[This is one of four pieces of Sun news from last week; I actually got to make the announcements at OSCON but was too busy to blog]. A couple of years ago, Sun’s software group launched the OpenSSO project, the open-source version of our big comprehensive suite of identity-management tools. Now, that project is a supported Sun product: OpenSSO Express. I don’t understand the software deeply enough to say anything authoritative about it, but the pricing-and-support model is interesting.
What It Is · The products that have gone into OpenSSO are big and complex and enterprisey; that’s because the whole cluster of problems around identity (both tech and biz) is big and complex and enterprisey. I’d be willing to bet that anything else competitive in this space will end up being just as scary and hairy.
As an Open-Source project, it’s been a success: 700 members, fifteen external committers, several production deployments (mostly in Europe). The commercial offering that birthed OpenSSO has over two thousand installations.
History and Process · Historically, this has been a classic “Enterprise Software” sales cycle, featuring a big fat up-front licensing charge. It’s been one of Sun’s most successful software product families over the years.
These days, it’s all Open Source (CDDL license). Go and get it, download it, recompile it, change it, put it into production, do whatever you want. But what a lot of people want is handholding and support and legal indemnification. Combining the Enterprise-Software history with the Open-Source future is tricky; here’s how we’ve done it. First of all, the release schedule looks like this:
There are three kinds of builds: First, the usual nightlies and milestones that any OSS project produces. Then there are “Express Builds”, which release every three months or so and are described thus: “A community build that has undergone extensive automated testing and moderate manual testing by Sun Quality Assurance Engineering Team.”
Finally, there are the “Commercial Builds”, releasing every year or fifteen months, described thus: “A community build that has undergone extensive manual and automated testing by Sun Quality Assurance Engineering Team.”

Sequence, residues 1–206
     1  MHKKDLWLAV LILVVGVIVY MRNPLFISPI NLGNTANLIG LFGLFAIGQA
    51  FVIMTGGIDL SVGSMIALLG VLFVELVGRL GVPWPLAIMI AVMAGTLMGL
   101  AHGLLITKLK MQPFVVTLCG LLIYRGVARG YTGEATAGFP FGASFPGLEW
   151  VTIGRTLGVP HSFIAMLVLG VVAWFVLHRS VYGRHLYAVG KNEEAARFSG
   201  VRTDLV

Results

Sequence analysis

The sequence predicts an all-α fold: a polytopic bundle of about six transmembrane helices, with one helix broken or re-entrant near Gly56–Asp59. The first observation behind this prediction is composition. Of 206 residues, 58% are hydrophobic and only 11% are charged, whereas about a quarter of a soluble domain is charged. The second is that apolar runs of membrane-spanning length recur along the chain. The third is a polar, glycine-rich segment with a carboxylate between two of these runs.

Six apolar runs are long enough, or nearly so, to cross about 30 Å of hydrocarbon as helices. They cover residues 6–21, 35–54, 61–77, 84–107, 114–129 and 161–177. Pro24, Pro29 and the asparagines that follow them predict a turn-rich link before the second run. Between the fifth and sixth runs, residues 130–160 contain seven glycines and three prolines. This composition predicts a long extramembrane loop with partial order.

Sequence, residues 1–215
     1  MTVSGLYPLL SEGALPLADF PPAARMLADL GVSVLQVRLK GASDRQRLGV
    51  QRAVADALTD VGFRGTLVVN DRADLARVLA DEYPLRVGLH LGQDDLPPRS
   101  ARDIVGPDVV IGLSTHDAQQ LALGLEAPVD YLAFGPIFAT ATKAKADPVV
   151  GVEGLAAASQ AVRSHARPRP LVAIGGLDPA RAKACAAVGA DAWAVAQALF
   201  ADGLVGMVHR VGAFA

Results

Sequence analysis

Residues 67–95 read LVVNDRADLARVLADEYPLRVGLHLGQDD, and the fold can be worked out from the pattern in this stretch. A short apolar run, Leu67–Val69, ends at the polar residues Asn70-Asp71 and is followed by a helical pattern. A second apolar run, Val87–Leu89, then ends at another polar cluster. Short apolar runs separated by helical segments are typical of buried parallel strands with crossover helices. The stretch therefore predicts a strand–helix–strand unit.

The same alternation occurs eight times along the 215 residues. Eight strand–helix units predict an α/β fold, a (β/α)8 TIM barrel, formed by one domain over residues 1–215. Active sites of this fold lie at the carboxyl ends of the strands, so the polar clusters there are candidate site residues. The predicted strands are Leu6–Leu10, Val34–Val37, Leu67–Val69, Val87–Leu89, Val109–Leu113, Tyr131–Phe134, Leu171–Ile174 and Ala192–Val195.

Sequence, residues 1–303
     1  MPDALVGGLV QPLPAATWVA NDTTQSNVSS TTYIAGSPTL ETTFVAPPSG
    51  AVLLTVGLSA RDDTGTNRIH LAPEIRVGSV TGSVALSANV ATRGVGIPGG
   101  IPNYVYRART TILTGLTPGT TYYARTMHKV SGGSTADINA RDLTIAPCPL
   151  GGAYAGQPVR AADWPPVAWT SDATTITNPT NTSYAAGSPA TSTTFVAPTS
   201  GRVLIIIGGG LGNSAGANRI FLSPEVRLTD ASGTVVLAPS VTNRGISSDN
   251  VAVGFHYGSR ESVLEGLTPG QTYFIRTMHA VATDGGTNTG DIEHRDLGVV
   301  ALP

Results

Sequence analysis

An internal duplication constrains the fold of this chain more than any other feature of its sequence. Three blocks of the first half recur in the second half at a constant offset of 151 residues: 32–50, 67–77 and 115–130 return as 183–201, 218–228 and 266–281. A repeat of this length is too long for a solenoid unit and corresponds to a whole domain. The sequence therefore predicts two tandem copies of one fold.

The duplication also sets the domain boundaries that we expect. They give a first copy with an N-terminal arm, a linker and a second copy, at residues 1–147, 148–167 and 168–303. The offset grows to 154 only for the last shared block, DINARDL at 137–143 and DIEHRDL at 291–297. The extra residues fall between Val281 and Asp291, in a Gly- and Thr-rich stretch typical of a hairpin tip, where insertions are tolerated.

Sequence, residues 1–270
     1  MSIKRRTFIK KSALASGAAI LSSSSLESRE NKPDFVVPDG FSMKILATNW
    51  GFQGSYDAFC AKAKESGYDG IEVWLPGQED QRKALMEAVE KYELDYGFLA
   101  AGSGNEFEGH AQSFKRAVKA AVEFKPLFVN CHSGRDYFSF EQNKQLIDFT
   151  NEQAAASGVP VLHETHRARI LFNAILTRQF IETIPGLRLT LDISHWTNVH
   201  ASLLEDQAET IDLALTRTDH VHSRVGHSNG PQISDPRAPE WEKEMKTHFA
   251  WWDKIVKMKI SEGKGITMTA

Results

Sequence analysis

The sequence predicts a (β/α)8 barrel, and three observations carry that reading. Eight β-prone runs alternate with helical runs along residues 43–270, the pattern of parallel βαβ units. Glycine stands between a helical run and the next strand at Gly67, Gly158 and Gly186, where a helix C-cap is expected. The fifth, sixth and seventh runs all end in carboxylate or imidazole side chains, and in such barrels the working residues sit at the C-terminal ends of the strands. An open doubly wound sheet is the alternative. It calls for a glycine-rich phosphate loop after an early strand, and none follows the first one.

The Business Side · So, what’s changed on the business side, now that this OSS project is also a product? The answer is, hardly anything at all. There’s still an up-front licensing charge, and then the usual menu of support arrangements, all including legal indemnification, and the usual steady flow of patches and fixes.
What I found interesting was this: you can run either the Express or Commercial binaries, but we’ll only support the current and N-1 versions. The choice is pretty clear; the Express versions are going to have the new features and enhancements quicker, but you’re going to have to upgrade a couple times a year to stay supported. On the other hand, with the Commercial releases, you can stand pat for the best part of three years at a time.
My personal bet is that the Commercial releases will be most-used, but the product guys tell me that customers are rolling out both flavors right now.
Anyhow, we’re all trying to figure out this how-to-commercialize-OSS as we go along, and I think this attempt to use entirely traditional pricing and support arrangements is interesting, whatever the outcome.